Darwinism Stated by Darwin Himself: Characteristic Passages from the Writings of Charles Darwin

D. Appleton, 1884 - 351 Seiten
This late 19th-century historical work is a selection of Charles Darwin's writings compiled from his various works.

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Seite i - There is grandeur in this view of life, with its several powers, having been originally breathed by the Creator into a few forms or into one; and that, whilst this planet has gone cycling on according to the fixed law of gravity, from so simple a beginning endless forms most beautiful and most wonderful have been, and are being evolved.
Seite 347 - It is interesting to contemplate an entangled bank, clothed with many plants of many kinds, with birds singing on the bushes, with various insects flitting about, and with worms crawling through the damp earth, and to reflect that these elaborately constructed forms, so different from each other, and dependent upon each other in so complex a manner, have all been produced by laws acting around us.
Seite 110 - To suppose that the eye, with all its inimitable contrivances for adjusting the focus to different distances, for admitting different amounts of light, and for the correction of spherical and chromatic aberration, could have been formed by natural selection, seems, I freely confess, absurd in the highest possible degree.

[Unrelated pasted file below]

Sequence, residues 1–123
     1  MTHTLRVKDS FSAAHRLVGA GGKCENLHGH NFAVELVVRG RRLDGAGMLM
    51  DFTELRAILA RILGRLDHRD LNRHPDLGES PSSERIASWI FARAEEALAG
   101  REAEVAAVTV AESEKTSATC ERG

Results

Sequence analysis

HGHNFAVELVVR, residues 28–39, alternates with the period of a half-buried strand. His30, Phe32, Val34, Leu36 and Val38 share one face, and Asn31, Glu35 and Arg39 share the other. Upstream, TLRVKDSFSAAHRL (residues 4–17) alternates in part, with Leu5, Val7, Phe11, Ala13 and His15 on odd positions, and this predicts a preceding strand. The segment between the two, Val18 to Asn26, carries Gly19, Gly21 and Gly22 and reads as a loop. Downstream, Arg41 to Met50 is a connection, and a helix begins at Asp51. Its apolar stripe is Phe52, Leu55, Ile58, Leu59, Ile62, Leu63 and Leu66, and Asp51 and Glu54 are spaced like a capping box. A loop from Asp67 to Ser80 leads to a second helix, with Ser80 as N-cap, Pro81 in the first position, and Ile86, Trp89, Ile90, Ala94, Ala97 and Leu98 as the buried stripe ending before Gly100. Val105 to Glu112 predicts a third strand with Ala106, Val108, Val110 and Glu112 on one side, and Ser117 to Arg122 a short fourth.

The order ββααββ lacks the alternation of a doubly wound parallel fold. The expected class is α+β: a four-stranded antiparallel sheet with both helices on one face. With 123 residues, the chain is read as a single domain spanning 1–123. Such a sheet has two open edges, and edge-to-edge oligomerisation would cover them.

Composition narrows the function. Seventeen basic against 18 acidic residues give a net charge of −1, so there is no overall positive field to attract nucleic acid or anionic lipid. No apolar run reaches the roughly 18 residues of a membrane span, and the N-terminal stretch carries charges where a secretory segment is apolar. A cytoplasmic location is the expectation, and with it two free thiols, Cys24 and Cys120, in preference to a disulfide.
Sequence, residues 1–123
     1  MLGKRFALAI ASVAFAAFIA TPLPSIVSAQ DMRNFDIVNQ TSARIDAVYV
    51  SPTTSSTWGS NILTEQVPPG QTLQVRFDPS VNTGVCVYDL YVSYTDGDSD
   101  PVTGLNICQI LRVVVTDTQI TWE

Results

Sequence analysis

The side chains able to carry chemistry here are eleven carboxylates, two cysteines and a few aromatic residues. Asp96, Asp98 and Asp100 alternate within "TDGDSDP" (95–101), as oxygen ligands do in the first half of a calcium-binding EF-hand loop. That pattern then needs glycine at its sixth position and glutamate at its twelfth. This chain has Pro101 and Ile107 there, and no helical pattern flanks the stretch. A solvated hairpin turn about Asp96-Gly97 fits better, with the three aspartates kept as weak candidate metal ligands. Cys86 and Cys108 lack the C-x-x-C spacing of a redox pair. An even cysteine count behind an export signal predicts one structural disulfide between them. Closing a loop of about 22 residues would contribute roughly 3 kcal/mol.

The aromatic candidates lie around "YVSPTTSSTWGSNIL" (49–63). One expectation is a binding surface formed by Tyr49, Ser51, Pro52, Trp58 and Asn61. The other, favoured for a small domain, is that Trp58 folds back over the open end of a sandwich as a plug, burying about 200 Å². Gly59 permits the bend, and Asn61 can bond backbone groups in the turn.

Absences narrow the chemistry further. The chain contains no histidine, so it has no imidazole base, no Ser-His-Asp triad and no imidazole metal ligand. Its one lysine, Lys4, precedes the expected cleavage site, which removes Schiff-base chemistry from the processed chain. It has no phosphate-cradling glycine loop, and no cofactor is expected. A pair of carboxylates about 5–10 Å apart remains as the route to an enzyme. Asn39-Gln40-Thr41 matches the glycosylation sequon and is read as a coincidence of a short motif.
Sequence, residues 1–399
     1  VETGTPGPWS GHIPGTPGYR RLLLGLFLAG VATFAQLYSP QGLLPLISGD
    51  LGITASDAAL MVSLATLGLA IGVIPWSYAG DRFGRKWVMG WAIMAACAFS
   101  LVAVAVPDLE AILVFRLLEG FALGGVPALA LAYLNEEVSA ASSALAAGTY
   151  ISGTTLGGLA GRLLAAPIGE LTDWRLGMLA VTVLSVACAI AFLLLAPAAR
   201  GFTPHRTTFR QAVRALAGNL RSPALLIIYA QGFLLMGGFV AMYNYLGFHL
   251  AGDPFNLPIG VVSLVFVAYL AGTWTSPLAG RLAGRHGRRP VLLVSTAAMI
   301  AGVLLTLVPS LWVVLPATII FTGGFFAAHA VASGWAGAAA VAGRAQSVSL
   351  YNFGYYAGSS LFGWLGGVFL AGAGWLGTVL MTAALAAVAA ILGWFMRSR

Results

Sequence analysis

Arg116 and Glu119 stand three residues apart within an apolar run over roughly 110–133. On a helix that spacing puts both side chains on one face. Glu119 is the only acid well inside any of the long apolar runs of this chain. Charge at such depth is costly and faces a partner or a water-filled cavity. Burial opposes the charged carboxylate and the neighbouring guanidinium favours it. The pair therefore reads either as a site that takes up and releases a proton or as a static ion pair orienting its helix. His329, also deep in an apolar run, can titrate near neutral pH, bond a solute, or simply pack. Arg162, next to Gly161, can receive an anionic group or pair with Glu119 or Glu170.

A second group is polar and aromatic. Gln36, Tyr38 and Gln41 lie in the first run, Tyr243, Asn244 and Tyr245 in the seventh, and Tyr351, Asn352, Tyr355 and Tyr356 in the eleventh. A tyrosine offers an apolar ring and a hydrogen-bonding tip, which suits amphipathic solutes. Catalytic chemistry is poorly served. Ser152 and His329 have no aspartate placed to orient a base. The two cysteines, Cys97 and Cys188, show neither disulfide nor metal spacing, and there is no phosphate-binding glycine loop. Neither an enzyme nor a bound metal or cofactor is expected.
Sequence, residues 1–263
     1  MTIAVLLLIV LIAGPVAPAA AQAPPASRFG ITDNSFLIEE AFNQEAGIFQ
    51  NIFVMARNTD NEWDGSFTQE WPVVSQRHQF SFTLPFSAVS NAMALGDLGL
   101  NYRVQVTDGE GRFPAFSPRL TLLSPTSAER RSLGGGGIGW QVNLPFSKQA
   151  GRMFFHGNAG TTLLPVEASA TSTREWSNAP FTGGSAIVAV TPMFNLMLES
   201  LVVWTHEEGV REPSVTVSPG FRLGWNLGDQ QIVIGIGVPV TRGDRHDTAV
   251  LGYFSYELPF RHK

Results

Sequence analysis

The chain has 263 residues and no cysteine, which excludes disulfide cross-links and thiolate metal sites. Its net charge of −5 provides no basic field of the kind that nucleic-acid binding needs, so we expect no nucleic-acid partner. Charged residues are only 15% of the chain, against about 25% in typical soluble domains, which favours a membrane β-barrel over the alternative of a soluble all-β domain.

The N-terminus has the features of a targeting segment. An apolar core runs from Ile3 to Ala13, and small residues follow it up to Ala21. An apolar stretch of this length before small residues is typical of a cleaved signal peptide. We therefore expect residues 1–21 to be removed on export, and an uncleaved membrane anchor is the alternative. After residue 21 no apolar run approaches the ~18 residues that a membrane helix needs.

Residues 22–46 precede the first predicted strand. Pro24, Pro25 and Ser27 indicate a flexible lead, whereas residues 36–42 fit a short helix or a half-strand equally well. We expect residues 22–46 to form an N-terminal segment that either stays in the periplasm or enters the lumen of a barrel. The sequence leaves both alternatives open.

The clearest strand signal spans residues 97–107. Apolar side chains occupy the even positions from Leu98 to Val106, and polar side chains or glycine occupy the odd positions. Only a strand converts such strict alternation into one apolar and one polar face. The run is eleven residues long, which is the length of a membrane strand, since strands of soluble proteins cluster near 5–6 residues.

Seite 72 - The key is man's power of accumulative selection: nature gives successive variations; man adds them up in certain directions useful to him. In this sense he may be said to have made for himself useful breeds.
Seite 254 - It is incredible that all these facts should speak falsely. He who is not content to look, like a savage, at the phenomena of nature as disconnected, cannot any longer believe that man is the work of a separate act of creation.
Seite 44 - It may be doubted whether there are many other animals which have played so important a part in the history of the world, as have these lowly organised creatures.
Seite 308 - But as my conclusions have lately been much misrepresented, and it has been stated that I attribute the modification of species exclusively to natural selection, I may be permitted to remark that in the first edition of this work, and subsequently, I placed in a most conspicuous position — namely, at the close of the Introduction — the following words: "I am convinced that natural selection has been the main but not thé exclusive means of modification.

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